Urban

Leading Architects Concerned About Central Vista Revamp Plan for New Delhi

The lack of engagement with public discourse and the absence of a guarantee of adherence to guidelines remain major causes of concern.

New Delhi: Leading architects, town planners and curators have reacted strongly to the Centre’s proposal to “re-plan” the Central Vista at the heart of Lutyens’ Delhi by undertaking development and redevelopment works along the heritage zone.

With the proposal including a revamp of the parliament building – or the construction of a new one – and the central secretariat, reactions towards the project ranged from claims about it being a necessary step to arguments about it Prime Minister Narendra Modi foisting grandiose plans so as to leave a lasting mark on Delhi.

However, those who responded to The Wire‘s queries were unanimous in their opinion that the issue should have been discussed with the public and relevant stakeholders before the Central government’s unilateral decision to proceed with such a mega plan.

Architect, urban planner and conservation consultant A.G.K. Menon said that while the need and demand for redevelopment may be genuine, abundant caution was required in dealing with heritage sites.

‘Bid document fails to spell out significance of Central Vista’

Menon pointed out one major weakness in the bid document. “It does not define the significance of this area. All conservation starts with the assessment of the heritage site. After the assessment report is made, the conservation proposal is drafted,” he elaborated.

Menon recalled how when INTACH nominated Delhi as a World Heritage City, it detailed five things of significance about it. But such a process was missing from the bid document for the Central Vista. “So I find the bid document perfectly legitimate as far as the need goes, but it has not defined the significance of the area. It just says what is to be done and calls for following the guidelines. That leaves me with a lot of unsatisfactory loopholes which can be exploited. I am concerned about that,” Menon said.

Also read: Of Icons and Iconoclasts: Saving Delhi’s Modern Heritage

‘Need for space, preservation of heritage should both be addressed’

In the case of redeveloping the parliament building, Menon said that the Centre had made a “case that they need more space in parliament.” Pointing out that “this cannot be disputed because they need more space as the population is growing and there is more need for parliamentarians and so on,” he demanded that “it should be remembered that the parliament building is a heritage building”.

He, however, drew comfort from some of the language used in the bid document. “It states very clearly that the heritage building will be conserved. And there are two alternatives: either internally there will be modifications or they will build a new building nearby. Both the options still maintain the heritage of the city.”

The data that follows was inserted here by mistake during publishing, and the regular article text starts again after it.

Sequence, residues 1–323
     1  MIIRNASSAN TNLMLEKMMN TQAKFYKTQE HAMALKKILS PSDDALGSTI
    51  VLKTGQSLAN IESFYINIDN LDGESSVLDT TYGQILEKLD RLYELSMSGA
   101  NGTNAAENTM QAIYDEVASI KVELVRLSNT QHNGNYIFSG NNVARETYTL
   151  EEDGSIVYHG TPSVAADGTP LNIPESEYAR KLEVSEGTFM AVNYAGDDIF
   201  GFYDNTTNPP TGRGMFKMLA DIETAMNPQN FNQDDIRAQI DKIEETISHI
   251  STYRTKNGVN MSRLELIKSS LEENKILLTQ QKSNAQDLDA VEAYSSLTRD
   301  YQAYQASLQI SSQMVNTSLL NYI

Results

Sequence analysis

“As far as the central secretariat buildings of North and South Block are concerned,” Menon said, “they are saying that they will retain the buildings as a museum or whatever, and build new secretariat buildings. So again the argument is that there is nothing wrong with it.”

A view of the Central Secretariat. Photo: Mark Danielson/Flickr (CC BY-NC 2.0)

The third part, he said, concerned the Central Vista itself. “It is also a heritage zone. The Central Vista does require a lot of upgrading. For example the trees are dying. You can’t wish away anything, you have to intervene because these trees are already 80-90 years old,” Menon said and added that they would need to be replaced.

“The area also requires upgrading because it was designed in 1911 when they could never have anticipated that 100,000 people would be coming there every day. So the requirements are genuine,” Menon said

‘Adherence to guidelines a must’

Menon said the bid document specified that the bidder would have to adhere to the Lutyens Bungalow Zone guidelines and the Central Vista guidelines. “These are very strong guidelines to preserve the character of the city,” he said.

“Therefore,” Menon added, “I can’t see anything wrong with that [bid document] because the need is genuine. Also, they are saying it is iconic, that its character should not be lost and are explicitly saying that these guidelines need to be followed.”

Also read: In Modi’s Varanasi, the Vishwanath Corridor Is Trampling Kashi’s Soul

Regarding fears around this mega project, Menon said, “What people presume is that new developments will entail multi-storeyed buildings. Why do you want to presume that when it says that the guidelines will have to be followed? There is no need to presume that Nirman Bhawan will be replaced with a 20-storey structure. But yes, things will change.”

Map of the Central Vista. Photo: Google Arts and Culture

‘Conserve heritage by dovetailing it with development’

In this regard, Menon cited examples from around the world. “In Washington, the main heritage place is The Mall – which links the White House to the Lincoln Memorial. They have done a huge amount of work there,” Menon said. “They have added buildings, memorials and museums and yet it remains iconic. So we can’t presume the work will [violate heritage] and say, ‘Don’t do it’,” he added.

As a conservation group, he said, “INTACH has been very conscious of the limitations in a poor country like India. Conservation has to be development-oriented. The idea is to conserve the heritage, by dovetailing it with development.”

‘No organisation left to ensure compliance with guidelines’

Noted photographer and curator Ram Rahman, however, differed with Menon regarding the issue of compliance with the guidelines. He said that “the provision of following guidelines related to Lutyens Bungalow Zone or Central Vista does not assuage any concerns because no one is following these norms.”

Citing the example of Pragati Maidan, Rahman said that “It is within shouting distance of the Old Fort, which is an archaeologically protected site, and yet they are building these huge structures within Pragati Maidan, which are going to loom over the fort. So where are the norms?”

NGT, National Green Tribunal, Pragati Maidan, Pragati Maidan redevelopment, Delhi news, environmental laws, environmental clearance, air pollution, water pollution